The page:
If you’re a higher education director of marketing, web communications, or admissions chances are good you have thought about how to integrate virtual reality into the mix. From virtual tours to immersive recruiting experiences and more, virtual reality is rapidly making its way into the world of higher education.
Below is a roundup of recent news stories about VR in higher education.
Amy Diluna, NBC News
“…He was watching tour videos on YouTube, messaging his friends, comparing and contrasting reviews, receiving answers to his questions — and was close to making a decision — without moving a muscle.”
Ben Fineman, LinkedIn
“…As the exponential advancement of technology continues, a new set of emerging devices is promising to shift the educational paradigm more significantly than anything else to date: virtual reality (VR) and augmented reality (AR).”
Anayat Durrani, U.S. News
“Though I hadn’t come to Savannah before classes started, I felt like I knew the campus even more so after exploring it in virtual reality,” says Colombian national Nicolas Barrera Castaneda, an architecture major at Savannah College of Art and Design in Georgia. He received virtual reality goggles to explore the campus and says he got a good sense of what the university had to offer because of the technology.”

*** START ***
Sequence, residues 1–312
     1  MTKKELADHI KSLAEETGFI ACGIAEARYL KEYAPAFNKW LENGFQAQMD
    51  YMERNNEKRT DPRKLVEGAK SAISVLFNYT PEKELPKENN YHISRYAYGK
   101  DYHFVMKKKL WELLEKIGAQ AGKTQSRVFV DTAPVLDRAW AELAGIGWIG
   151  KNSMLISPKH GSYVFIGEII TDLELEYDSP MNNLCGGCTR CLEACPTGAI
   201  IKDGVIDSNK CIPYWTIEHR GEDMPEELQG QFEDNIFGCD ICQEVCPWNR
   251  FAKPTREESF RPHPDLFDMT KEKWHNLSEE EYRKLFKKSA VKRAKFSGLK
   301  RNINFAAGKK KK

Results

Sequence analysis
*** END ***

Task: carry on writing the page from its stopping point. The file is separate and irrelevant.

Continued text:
Pete Sena, TechCrunch
“Virtual reality puts people first,” said Facebook founder Mark Zuckerberg after his recent demo onstge at Oculus’ Connect Conference. “It’s all about who you’re with. Once you’re in there, you can do anything you want together — travel to Mars, play games, fight with swords, watch movies or teleport home to see your family. You have an environment where you can experience anything.”
“…A virtual world is typically a multi-user, computer-based environment in which users interact with one another through pre-programmed avatars or digital representations of the user.”
Shlomy Kattan, HuffPost
“…The advantages to using VR in learning settings are numerous and easy to understand. Not only does immersion in content make it more engaging, even if for the sheer novelty factor, but immersion could also have broader cognitive effects on perception that seem to make learning stick.”